Albuquerque’s Downtown area city councilor is on his way out.
Isaac Benton — now in his 18th year on the legislative body — says he will not run for reelection this fall.
He is the third sitting councilor stepping aside at the end of the year. Pat Davis (Nob Hill/International District) and Trudy Jones (Northeast Heights) already have made the same decision.
Benton said he’d been mulling his future for a while but decided to announce his intentions with the start of the 2023 campaign season looming.
Now 71, he said he is ready to retire from public office.
“I’ve got some life left to live and looking forward to doing that,” he said. “(It’s) time to turn it on over to someone else who has the appetite to get it done.”
First elected in 2005 to represent the old District 3, Benton is presently the councilor for what is now District 2. It includes Downtown, Old Town and part of the North Valley. As of last year’s redistricting, it also encompasses some neighborhoods just west of the Rio Grande between Central and Interstate 40.
It is one of four council districts with an election this fall. The remaining five seats are not up until 2025.
Benton has been among the more progressive Democratic voices on the council, focusing on issues like sustainability and affordable housing since his early days in office. He successfully proposed tripling the city’s commitment to energy conservation and renewable energy projects by designating 3% of the city’s biennial infrastructure bond programs for such uses. He also co-sponsored legislation that created the city’s Workforce Housing Trust Fund, which has helped fund about 1,000 affordable housing units since 2007, according to the most recent report.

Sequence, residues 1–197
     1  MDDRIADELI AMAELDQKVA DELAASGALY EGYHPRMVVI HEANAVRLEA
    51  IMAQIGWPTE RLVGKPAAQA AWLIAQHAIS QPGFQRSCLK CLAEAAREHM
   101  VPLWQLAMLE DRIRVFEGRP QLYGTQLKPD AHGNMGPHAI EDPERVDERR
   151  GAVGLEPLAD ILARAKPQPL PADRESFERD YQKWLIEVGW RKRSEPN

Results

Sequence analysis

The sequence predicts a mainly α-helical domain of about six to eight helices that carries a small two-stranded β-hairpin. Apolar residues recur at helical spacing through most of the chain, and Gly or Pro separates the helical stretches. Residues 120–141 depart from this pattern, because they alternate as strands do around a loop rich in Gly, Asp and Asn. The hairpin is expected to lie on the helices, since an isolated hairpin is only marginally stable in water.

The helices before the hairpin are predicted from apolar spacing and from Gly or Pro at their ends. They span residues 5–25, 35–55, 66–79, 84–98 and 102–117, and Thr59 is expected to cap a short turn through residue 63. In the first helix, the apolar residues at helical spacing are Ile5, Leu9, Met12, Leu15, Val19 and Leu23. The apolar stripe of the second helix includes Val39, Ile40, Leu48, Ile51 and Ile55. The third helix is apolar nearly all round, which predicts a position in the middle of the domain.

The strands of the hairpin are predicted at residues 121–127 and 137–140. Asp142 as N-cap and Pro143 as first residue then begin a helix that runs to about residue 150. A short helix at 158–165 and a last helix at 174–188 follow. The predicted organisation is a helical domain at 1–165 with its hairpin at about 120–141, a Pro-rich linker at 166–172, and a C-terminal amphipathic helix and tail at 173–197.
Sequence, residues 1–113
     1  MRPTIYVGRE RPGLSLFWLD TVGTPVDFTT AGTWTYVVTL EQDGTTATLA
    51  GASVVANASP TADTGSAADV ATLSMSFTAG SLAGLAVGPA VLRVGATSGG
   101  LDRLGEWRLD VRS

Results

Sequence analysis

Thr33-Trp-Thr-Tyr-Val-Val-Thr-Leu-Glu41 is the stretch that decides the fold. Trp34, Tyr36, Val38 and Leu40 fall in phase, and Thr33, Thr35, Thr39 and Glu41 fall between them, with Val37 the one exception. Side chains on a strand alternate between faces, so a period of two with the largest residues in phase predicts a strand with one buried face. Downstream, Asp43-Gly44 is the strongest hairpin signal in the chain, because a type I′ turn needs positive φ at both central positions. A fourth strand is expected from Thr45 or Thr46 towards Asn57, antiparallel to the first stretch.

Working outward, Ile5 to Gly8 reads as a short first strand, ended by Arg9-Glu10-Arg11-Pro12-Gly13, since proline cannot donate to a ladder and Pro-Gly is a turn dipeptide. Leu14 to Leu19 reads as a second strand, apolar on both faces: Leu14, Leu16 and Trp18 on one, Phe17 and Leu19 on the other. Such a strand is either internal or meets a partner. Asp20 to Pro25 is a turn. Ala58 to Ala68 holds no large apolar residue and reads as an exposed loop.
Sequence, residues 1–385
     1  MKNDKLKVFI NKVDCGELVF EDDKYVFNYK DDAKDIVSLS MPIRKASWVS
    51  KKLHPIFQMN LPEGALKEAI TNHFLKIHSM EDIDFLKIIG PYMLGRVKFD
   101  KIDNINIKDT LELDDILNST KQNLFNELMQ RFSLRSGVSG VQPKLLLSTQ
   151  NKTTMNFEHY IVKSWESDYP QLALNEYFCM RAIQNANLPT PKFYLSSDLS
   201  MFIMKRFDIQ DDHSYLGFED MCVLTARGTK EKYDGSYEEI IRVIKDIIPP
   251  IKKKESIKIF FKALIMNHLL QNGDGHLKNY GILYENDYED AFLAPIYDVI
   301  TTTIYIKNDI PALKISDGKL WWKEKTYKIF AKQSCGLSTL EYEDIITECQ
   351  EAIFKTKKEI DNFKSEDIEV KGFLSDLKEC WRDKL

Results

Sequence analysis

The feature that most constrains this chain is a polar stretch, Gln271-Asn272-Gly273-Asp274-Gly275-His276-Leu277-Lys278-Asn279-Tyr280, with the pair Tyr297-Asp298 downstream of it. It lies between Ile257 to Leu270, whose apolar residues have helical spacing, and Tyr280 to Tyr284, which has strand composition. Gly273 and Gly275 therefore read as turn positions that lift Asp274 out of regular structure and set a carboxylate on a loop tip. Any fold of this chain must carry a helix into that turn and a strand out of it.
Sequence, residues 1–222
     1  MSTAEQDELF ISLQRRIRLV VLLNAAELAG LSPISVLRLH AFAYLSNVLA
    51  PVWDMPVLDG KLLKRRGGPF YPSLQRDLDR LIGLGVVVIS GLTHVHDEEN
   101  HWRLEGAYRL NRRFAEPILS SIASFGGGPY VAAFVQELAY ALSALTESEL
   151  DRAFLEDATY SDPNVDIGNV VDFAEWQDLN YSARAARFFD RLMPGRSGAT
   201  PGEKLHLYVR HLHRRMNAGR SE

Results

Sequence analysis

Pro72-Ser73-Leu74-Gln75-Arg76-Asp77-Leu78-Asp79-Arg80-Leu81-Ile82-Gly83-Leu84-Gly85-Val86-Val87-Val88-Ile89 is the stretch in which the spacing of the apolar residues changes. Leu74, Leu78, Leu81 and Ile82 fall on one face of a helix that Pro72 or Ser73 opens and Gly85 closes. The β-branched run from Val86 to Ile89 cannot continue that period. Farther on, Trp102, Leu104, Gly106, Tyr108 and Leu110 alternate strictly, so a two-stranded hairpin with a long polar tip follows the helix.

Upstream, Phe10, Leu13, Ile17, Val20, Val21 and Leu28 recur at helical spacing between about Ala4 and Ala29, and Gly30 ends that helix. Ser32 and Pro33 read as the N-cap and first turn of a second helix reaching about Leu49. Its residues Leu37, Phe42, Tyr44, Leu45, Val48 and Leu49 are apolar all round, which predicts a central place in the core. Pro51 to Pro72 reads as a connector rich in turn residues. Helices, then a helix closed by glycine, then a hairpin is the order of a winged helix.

“It’s dear to my heart, and I think we’ve done some really great projects using those funds,” he said.
An architect by trade, Benton said he’s also proud of various redevelopment projects in his district, including the city’s purchase of the historic Rail Yards and the reimagining of the El Vado Motel on Central Avenue.
As a councilor, Benton has had a particular interest in zoning issues and said he tried through the years — often unsuccessfully — to combat what he calls “suburban sprawl.”
He is currently co-sponsoring a slate of significant zoning changes that Mayor Tim Keller’s administration is proposing as a way to boost Albuquerque’s housing stock, mostly via infill. The legislation would make it easier to turn commercial properties into residential units, for example, and would allow more density in single-family home neighborhoods via duplexes and secondary dwelling units, or “casitas.”
Benton said he’s hoping to see that through during his final months in office.
Having resided in the Downtown area for most of his 48 years in Albuquerque, Benton said the area has seen better days and that the pandemic has taken a toll. He said it’s not unusual for Downtown to experience ups and downs and that the city is making moves to improve the situation, such as creating a public safety district.
“I love (Downtown) and something like seeing the movie theater close is heartbreaking,” Benton said of the 2021 closure of the Century theater at First and Central. “But there are a lot of folks working on it, too, and that gives me a lot of hope.”